Further, federal courts should look to the Restatement (Second) of Torts, and not state law, to provide content to Congress's express intentions. See, e.g., Bettis v. Islamic Republic of Iran, 315 F.3d 325, 333 (D.C. Cir. 2003) (accepting the Restatement (Second) of Torts as "delineat[ing] the controlling substantive law" for intentional infliction of emotional distress "as a proxy for state common law").
Sept. 26, 2008 Mem. Op. at 19-20. The Order issued with the Memorandum Opinion dismissed Plaintiffs' state law claims. Sept. 26, 2008 Order at 2.
The Court also found that service was made on Syria pursuant to 28 U.S.C. § 1608(a)(3) via international courier service. See Pls.' Mem. Regarding Service, filed Dec. 28, 2007 [Dkt. # 17]. Syria contends that no service was made.
II. LEGAL STANDARDSyria moves for relief under Federal Rule of Civil Procedure 60(b)(4) and (6). See Fed.R.Civ.P. 55(c) (if a default judgment has been entered, it may be set aside in accordance with Rule 60(b)). Rule 60(b) provides for motions for relief from a judgment or order due to: (1) mistake, inadvertence, surprise, or excusable neglect; (2) newly discovered evidence; (3) fraud, misrepresentation, or other misconduct; (4) void judgment; (5) satisfied, released, or discharged judgment; or (6) "any other reason justifying relief from the operation of the judgment." Fed.R.Civ.P. 60(b). Rule 60(b)(6) is a catch-all provision that gives courts discretion to vacate or modify judgments when it is "appropriate to accomplish justice," Klapprott v. United States, 335 U.S. 601, 614-15 (1949), but it should be applied only in extraordinary circumstances, Kramer v. Gates, 481 F.3d 788, 791 (D.C. Cir. 2007) (citing Ackermann v. United States, 340 U.S. 193, 199 (1950)). Relief under Rule 60(b)(6) "is not available unless the other clauses, (1) through (5), are inapplicable." Goland v. CIA, 607 F.2d 339, 372-73 (D.C. Cir. 1979).
The party seeking relief from judgment bears the burden of proof. Rufo v. Inmates of Suffolk County Jail, 502 U.S. 367, 383-84 (1992); accord Mazengo v. Mzengi, 542 F. Supp. 2d 96, 100 n. 3 (D.D.C. 2008). Further, the decision to set aside a default judgment is committed to the sound discretion of the trial court. Jackson v. Beech, 636 F.2d 831, 835 (1980). "Given the strong policies favoring the resolution of genuine disputes on their merits, however, an abuse of discretion in refusing to set aside a default judgment `need not be glaring to justify reversal.'" Id. (quoting Keegel v. Key West Carribean Trading Co., 627 F.2d 372, 374 (D.C. Cir. 1980)). "Since a resolution on the merits is preferable to a judgment by default, a court should liberally allow relief under [Rule 60(b)]." Pulliam v. Pulliam, 478 F.2d 935, 936 (D.C. Cir. 1973).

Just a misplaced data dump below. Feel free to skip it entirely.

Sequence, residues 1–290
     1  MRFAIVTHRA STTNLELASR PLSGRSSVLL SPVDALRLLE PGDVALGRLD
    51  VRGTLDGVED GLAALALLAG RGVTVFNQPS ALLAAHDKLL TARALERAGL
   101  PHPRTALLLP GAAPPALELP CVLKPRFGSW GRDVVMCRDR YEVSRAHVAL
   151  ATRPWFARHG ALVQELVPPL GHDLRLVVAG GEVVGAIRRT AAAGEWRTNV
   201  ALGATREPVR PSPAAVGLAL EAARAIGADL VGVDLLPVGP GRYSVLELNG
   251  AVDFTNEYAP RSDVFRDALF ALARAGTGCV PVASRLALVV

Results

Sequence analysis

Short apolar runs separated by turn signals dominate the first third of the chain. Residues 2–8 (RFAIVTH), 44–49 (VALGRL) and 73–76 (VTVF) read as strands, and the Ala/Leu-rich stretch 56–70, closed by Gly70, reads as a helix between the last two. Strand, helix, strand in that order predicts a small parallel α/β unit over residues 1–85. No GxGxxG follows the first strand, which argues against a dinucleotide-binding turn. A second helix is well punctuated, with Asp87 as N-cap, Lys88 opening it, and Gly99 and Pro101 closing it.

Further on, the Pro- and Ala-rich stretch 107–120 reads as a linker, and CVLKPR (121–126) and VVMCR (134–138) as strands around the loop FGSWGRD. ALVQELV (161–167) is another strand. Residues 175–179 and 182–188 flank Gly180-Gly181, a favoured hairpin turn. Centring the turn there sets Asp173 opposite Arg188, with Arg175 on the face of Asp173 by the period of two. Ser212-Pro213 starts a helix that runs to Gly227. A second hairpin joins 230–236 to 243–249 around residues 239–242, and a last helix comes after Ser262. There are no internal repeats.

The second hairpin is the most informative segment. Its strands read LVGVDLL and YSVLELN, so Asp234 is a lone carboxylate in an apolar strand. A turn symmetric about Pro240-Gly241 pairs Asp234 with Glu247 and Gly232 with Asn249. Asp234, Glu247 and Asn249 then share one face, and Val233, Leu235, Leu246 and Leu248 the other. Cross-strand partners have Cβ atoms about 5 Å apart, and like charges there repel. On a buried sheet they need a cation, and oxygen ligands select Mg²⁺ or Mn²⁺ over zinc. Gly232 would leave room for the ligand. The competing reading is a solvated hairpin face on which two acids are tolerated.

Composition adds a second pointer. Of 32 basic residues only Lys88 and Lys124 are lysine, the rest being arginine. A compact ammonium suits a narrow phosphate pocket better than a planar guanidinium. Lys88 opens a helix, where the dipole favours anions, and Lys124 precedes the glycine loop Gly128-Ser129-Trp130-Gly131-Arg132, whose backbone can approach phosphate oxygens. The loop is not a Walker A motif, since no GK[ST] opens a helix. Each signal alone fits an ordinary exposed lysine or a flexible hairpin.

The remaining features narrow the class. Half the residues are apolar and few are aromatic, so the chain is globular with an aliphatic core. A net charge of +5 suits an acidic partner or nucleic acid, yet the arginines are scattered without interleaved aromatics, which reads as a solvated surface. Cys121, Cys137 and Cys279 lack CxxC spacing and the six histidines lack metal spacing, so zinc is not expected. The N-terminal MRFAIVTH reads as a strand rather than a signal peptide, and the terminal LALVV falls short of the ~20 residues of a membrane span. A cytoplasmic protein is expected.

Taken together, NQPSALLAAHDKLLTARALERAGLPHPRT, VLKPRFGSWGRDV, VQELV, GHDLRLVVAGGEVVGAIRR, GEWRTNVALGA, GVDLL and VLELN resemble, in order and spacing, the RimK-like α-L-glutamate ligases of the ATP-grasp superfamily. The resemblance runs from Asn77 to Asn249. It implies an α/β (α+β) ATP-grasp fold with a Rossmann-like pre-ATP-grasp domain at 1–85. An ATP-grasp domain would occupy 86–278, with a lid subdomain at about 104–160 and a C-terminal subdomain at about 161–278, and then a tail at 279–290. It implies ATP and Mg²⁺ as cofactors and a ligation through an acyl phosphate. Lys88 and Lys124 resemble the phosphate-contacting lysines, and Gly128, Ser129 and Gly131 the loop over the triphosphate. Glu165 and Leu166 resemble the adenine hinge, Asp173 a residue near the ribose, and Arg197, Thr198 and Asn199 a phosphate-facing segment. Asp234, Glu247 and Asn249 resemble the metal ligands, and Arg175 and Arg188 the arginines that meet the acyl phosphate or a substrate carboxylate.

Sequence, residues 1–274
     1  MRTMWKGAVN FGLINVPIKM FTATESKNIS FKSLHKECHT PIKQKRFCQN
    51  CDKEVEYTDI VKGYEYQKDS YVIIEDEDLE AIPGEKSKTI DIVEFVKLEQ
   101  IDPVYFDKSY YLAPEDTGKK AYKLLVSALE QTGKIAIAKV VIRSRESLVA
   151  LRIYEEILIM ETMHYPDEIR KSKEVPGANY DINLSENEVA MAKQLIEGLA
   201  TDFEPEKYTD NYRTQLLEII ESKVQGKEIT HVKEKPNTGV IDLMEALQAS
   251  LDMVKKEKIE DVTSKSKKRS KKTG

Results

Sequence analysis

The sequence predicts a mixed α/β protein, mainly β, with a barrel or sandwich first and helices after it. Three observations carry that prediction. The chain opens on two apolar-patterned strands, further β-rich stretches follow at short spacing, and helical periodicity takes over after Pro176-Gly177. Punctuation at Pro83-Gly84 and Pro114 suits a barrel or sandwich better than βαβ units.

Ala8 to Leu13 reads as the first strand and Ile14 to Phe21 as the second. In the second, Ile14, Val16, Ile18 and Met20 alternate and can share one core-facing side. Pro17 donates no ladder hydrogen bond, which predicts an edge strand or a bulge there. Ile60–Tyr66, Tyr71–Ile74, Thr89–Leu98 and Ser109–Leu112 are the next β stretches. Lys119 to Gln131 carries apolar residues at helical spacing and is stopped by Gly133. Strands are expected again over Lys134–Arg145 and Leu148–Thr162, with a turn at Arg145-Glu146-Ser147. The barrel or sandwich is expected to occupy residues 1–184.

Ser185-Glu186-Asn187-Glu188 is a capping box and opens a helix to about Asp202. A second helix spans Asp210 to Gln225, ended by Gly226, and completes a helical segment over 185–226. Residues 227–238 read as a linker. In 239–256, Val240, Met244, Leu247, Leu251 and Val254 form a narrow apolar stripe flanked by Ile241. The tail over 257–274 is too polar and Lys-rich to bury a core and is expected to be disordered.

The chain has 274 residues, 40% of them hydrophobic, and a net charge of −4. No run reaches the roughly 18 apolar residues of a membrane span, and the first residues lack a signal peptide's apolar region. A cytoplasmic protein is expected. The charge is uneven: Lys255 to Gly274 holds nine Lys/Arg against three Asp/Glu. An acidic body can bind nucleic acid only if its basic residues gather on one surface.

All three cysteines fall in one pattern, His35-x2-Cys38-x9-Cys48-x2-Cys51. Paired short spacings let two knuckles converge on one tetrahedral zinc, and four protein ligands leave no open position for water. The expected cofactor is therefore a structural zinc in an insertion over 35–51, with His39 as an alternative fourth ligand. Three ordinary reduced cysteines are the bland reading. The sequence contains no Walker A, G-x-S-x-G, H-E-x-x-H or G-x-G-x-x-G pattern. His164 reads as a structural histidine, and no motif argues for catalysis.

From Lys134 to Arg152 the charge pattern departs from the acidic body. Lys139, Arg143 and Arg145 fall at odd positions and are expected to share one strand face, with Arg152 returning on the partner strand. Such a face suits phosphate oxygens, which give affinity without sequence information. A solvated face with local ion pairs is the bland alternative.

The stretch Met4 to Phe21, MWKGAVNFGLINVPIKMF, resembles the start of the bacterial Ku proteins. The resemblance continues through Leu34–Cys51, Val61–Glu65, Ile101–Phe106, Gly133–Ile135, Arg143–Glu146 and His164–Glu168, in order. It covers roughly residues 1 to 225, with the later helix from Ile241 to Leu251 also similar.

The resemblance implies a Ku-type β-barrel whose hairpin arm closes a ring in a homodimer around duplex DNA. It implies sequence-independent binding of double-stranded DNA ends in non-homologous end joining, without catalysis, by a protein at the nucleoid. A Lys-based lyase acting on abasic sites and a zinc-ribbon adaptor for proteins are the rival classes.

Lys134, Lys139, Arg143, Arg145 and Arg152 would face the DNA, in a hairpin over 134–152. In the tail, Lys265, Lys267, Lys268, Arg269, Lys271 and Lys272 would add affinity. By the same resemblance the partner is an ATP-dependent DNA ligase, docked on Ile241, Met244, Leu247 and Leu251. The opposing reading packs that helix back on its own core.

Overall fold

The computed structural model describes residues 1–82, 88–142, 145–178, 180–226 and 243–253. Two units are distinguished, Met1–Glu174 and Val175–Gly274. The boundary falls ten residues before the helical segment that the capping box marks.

When a Rule 60(b) motion is filed more than 10 days after judgment and an appeal is pending, the district court does not have jurisdiction to grant the Rule 60(b) motion, but it does have jurisdiction to deny it. LaRouche v. U.S. Dep't of Treasury, 112 F. Supp. 2d 48, 52 (D.D.C. 2000).
When a Rule 60(b) motion and an appeal are pending simultaneously, appellate review may continue and "the District Court may consider the 60(b) motion, and, if the District Court indicates that it will grant relief, the appellant may move the appellate court for a remand in order that relief may be granted."Id. (quoting Hoai v. Vo, 935 F.2d 308, 312 (D.C. Cir. 1991)). Thus, a district court may issue an order on a Rule 60(b) motion during the pendency of an appeal either (1) denying the motion or (2) indicating that it would grant the motion if it had jurisdiction to do so.
Here, Syria filed its motion for relief from judgment more than 10 days after judgment and while appeal was pending. Further, the Circuit has invited the Court to indicate "whether it intends to vacate the default judgment or otherwise grant relief" to Syria. See Order [Dkt. # 64]. Accordingly, the Court may deny Syria's Rule 60(b) motion or it may indicate to the Circuit that it would, if the case were remanded, vacate the default or otherwise grant relief.
A court must consider three criteria in deciding whether to set aside a default judgment: whether the default was willful; whether setting aside the judgment would prejudice the plaintiff; and whether the alleged defense is meritorious. Jackson, 636 F.2d at 836. Syria contends that its default was not willful, that it could not have been because it was never served and it did not have notice of this suit. Syria also argues that it has meritorious defenses — that Plaintiffs' claims raise a nonjusticiable political question, that the claims violate the United Nations Charter, that the claims are unconstitutional, and that it is entitled to other relief because it could not be held liable under a statute that came into effect after the default judgment hearing in this case.
A. Service on Syria